No church worth its salt ever survives or does anything more than survive without “street smarts,” without tough minds and tender hearts. That though is not the popular image of the church, its leaders or its people. Typically, I cringe whenever I open a book or watch a movie where a minister or a priest appears. Most often, they are one-dimensional, mindless, simpletons, either spouting religious nonsense or endorsing a reactionary position. Often, they peddle cost-free grace, where God just wants everybody to be healthy, wealthy, and wise, but especially wealthy. By inference, these characters speak for Christianity, portraying it as a mindless and hapless enterprise, myopic and frequently oppressive.
My heart leaps, though, whenever I meet a shrewd saint on the screen or on the page. Some years back, Norman Maclean wrote a heart-wrenching story called, A River Runs Through It. Set in Missoula, Montana, the narrator is the eldest son in a family whose father is a Presbyterian minister. His father shares a passion for his faith and for fly-fishing. We read, "As a Scot and a Presbyterian, my father believed that man by nature was a mess and had fallen from an original state of grace” (p.3). Later, we read, "My father was very sure about certain matters pertaining to the universe. To him, all good things-trout as well as eternal salvation-come by grace and grace comes by art and art does not come easy” (p. 4).
I would add to the father’s words, “neither does the Christian faith.” The temptations are great to reduce Jesus to someone who makes us feel good or who wants us to be prosperous or who never expects too much of us. That is simply not the Jesus we meet in the Gospels. For in the Gospels, to follow Jesus means to go places people would never go otherwise, to make yourself vulnerable when you would otherwise keep up a strong defense, to give away money that most people would advise you to pack away for a rainy day. Mostly, to follow Jesus demands a willingness to live in the shadow of his footsteps, to walk in the path of his love.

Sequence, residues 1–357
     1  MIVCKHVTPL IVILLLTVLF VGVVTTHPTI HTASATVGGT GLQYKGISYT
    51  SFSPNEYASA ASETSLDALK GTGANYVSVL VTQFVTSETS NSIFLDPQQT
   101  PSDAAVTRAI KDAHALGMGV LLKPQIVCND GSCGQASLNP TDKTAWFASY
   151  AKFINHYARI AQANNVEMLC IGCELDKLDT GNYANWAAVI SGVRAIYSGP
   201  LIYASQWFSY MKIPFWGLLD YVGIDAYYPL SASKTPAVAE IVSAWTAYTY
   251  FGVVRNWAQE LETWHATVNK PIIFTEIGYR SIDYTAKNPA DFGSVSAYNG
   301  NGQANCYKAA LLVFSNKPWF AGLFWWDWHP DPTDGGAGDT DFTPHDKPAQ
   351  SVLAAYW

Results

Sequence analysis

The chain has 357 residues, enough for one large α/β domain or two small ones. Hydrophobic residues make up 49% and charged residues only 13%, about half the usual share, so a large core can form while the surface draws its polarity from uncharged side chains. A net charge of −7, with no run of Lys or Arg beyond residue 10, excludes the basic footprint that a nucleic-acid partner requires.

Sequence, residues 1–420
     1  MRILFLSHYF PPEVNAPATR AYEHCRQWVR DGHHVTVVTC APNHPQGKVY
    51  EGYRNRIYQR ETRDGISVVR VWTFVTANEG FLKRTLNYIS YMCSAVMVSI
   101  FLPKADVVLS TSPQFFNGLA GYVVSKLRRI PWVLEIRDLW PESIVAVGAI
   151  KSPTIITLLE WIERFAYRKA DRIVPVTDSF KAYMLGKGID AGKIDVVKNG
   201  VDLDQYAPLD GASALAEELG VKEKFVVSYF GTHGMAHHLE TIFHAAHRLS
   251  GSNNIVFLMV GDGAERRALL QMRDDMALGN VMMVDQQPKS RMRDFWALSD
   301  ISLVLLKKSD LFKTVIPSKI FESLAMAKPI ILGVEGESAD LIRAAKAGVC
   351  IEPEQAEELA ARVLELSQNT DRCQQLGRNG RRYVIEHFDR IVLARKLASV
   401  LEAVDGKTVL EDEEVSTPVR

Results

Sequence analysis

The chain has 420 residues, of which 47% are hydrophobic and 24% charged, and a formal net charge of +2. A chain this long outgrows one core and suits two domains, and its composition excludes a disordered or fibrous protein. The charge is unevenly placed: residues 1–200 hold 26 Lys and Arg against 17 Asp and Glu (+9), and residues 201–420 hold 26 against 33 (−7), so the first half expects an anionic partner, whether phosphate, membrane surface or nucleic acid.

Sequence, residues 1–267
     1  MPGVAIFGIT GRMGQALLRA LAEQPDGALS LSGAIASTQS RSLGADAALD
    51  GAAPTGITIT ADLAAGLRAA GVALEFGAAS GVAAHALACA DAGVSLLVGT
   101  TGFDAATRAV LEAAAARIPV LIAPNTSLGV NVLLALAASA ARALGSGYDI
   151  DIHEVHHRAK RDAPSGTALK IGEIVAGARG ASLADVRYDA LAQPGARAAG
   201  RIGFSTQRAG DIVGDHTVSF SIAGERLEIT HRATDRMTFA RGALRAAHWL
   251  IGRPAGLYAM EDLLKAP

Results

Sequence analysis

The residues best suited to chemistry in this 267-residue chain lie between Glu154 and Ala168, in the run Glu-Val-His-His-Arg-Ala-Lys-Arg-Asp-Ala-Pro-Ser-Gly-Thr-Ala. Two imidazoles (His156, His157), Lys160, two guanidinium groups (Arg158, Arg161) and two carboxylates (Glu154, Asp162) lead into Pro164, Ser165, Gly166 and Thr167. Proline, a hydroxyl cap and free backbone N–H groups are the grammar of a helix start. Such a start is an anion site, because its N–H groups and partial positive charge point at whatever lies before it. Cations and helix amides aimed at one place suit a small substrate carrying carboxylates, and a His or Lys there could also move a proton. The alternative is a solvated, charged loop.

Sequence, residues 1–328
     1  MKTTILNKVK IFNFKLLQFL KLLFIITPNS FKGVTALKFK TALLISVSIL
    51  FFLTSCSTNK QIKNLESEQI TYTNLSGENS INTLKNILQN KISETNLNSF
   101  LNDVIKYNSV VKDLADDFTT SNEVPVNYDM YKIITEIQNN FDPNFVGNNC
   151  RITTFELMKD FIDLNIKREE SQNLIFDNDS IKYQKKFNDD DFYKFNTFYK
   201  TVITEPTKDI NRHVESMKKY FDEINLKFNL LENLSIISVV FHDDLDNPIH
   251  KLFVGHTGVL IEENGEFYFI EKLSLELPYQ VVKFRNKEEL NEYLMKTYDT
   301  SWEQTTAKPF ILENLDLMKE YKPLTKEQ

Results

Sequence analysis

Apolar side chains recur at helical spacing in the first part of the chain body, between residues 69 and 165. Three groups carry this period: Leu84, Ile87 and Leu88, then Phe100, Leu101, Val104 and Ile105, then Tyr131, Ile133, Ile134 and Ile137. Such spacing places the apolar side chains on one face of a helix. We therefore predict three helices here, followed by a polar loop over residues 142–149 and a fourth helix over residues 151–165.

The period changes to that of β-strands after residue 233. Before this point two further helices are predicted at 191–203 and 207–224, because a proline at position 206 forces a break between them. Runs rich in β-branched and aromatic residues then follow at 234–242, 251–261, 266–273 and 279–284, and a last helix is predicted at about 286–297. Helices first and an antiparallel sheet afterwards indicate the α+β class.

Jesus seeks shrewd saints, not cheap, not cautious ones. God seeks generous lives that reflect a gracious God. Make no mistake, God's grace is free. Our response to God’s grace, though, is not. Grateful lives produce shrewd saints, men and women who are not willing to settle for simple answers to complex political and social issues, are not willing to be patronized by the world's power brokers who would just as soon step on their mother as drink a glass of water.
Shrewd saints know that the church of Jesus Christ cannot conduct God's work on the wind of well-wishers. Shrewd saints know that you cannot serve God and money, but that you can and must use money to serve God. Shrewd saints do not cower from using money to change systems that oppress, to provide hope and houses and hospitals for those who need more than our pious “thoughts and prayers,” to support talented and honest women and men who will never do less than serve the public good. Shrewd saints shout for those too hoarse to speak or too weak to stand up, for those who are far too discounted to make a difference. Shrewd saints walk with Jesus even into Jerusalem, knowing that nerves get frayed and powers get even when religion and religious folk refuse to keep in their place.
Shrewd saints are faithful people who learn from the dishonest manager but do not emulate him. They are faithful in the large moments of life, but more importantly, in the daily decisions of life. “Most of us will not this week christen a ship, write a book, end a war, appoint a cabinet, dine with the queen, convert a nation, or be burned at the stake,” writes Fred Craddock, “More likely the week will present no more than a chance to give a cup of water, write a note, visit a nursing home, vote for a county commissioner, teach a Sunday school class, share a meal, tell a child a story, go the choir practice, and feed the neighbor’s cat. [What did Jesus say?] “Whoever is faithful in a very little is faithful also in much” (v. 10). (Luke, Interpretation Bible Commentary, p. 192).
Once upon a time there was a shrewd crook. Now, yes now, perhaps more than ever, it is time for shrewd saints.